and Boards of Governors to make the schools a "home away from home."
Those who rebel are subject to double jeopardy: from the courts and then
the school administrations.
Education is based on regulated competition between students which
pits them against each other in a struggle for survival. In the process
there is a numbing of intellect fostered by multiple choice exams and
the practices of cramming and memorizing. A study done of a first year
economics class showed that after only six months the average rate of
retention of material in the course was a mere two percent.
As well as the oppression that exists within the schools most
students are forced to remain dependent on their families. The prospects
after finishing school are no better. Unemployment among youth is more
than double that of the population as a whole. For young Quebecois and
women it is much higher. Added to this, only a fraction of those who get
jobs find work in which they can use their knowledge and skills.
As revolutionary socialists we know that only the working class can
make the socialist revolution. Our work in the student movement and in
other mass movements is based on our confidence that the radicalization
will continue to deepen and will be extended to the working class. Many
of the lessons which will be learned in building the student movement
will lay the groundwork for building the mass struggles of workers when
The main link between the student movement and the working class in
Canada is the New Democratic Party. The new radicalization is reflected
in the NDP in the growth of its mass, organized left wing, the Waffle.
It is in the NDP that a student-worker alliance, in the true sense of
the term, will be built.
The mass demonstrations against Bill 63 in Quebec and the May-June
events in France in 1968 have shown that in the absence of revolutionary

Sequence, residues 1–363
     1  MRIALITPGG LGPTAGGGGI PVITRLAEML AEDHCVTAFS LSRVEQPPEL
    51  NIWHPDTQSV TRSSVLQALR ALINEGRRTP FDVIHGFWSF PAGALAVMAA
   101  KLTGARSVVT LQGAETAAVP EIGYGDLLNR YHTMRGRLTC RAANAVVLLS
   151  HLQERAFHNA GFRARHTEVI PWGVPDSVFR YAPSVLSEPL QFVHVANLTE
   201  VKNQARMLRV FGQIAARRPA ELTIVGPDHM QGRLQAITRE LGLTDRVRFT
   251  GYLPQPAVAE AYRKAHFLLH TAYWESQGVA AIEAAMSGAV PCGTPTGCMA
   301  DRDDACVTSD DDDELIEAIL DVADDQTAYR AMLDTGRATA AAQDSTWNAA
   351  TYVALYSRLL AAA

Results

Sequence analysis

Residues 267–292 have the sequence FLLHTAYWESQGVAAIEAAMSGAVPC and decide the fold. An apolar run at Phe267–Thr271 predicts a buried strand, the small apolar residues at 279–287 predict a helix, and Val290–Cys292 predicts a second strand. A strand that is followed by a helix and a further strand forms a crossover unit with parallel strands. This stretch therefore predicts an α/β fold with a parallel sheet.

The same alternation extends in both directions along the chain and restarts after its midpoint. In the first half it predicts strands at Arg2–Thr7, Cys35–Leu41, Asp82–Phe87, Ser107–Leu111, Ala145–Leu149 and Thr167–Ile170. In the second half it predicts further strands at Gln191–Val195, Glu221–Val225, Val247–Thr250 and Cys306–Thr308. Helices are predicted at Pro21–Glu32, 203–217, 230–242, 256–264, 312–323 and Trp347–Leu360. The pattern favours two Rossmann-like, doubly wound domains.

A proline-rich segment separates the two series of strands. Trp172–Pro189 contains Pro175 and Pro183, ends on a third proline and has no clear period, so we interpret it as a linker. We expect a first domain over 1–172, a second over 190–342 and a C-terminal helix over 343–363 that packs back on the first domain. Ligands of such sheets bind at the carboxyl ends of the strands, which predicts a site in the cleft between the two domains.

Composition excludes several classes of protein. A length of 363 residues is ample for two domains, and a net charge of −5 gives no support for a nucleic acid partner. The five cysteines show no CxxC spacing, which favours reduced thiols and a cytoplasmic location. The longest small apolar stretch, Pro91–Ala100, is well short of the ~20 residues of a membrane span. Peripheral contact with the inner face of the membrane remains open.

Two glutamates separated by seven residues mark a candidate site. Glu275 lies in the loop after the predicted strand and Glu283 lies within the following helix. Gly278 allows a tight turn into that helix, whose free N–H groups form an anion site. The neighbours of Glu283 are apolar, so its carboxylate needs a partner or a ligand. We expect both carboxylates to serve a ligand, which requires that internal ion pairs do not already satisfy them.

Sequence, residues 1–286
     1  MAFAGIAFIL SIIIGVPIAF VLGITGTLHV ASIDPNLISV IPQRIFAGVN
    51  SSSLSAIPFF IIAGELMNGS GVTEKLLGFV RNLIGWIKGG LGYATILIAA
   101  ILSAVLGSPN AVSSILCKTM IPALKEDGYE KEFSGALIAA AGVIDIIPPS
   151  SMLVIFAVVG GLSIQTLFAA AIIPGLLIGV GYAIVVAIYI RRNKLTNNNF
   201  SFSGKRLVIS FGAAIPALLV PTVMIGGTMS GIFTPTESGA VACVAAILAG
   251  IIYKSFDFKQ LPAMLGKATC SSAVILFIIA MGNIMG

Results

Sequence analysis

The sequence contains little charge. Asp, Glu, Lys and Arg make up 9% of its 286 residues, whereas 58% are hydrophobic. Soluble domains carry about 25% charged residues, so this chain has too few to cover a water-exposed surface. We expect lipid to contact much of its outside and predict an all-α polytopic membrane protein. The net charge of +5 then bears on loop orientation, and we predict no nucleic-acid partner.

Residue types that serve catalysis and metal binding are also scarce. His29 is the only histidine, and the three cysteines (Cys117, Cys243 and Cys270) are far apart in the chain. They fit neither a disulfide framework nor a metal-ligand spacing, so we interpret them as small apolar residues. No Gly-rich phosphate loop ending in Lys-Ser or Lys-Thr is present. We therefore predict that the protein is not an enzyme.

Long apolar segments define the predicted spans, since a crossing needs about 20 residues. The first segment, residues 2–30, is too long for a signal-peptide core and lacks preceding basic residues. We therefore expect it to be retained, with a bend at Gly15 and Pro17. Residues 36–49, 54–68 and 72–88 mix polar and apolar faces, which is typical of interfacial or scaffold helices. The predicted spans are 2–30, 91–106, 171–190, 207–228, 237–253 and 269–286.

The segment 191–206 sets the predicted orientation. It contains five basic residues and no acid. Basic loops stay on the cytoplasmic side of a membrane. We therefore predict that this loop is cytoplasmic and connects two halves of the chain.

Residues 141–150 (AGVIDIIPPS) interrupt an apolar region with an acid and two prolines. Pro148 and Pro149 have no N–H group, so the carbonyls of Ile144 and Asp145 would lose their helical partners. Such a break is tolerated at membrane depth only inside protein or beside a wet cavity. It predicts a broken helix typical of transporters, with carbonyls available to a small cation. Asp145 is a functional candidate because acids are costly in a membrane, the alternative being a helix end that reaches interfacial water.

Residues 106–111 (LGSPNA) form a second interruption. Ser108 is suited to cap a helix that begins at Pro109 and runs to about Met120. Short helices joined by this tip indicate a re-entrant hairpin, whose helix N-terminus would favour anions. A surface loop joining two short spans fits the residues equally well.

leadership of the working class the militant tactics of the student
movement and its audacity in struggle can inspire workers, especially
young workers, and bring them into action.
Our strategy for the student movement has been developed out of the
experience of student struggles both internationally and in Canada.
The main experience of the student movement in Canada before 1969 was
the Canadian Union of Students (CUS) and its counterpart in Quebec,
l'Union Generale des Etudiants de Quebec (UGEQ). CUS reflected the
growing radicalization of students and it took up the demands for
increasing student rights, winning some measure of control in the
university and opposing imperialist aggression in Vietnam.
CUS collapsed under the weight of its own contradictions. It didn't
understand the student radicalization and was unable to develop a
program which could lead it forward. The leadership of CUS was gradually
taken over by the new left and in 1969 it was voted out of existence on
a majority of campuses where referendums were held.
During the years of CUS the first wave of student struggles occurred.
In these first struggles were stamped the characteristics of the new
upsurge that occurred this spring. Most of them involved demands that
defended and extended student rights, for example, over 1,200 students
in Regina demanded "Tax Potash, Not Students" in the demonstration to
end student loan restrictions.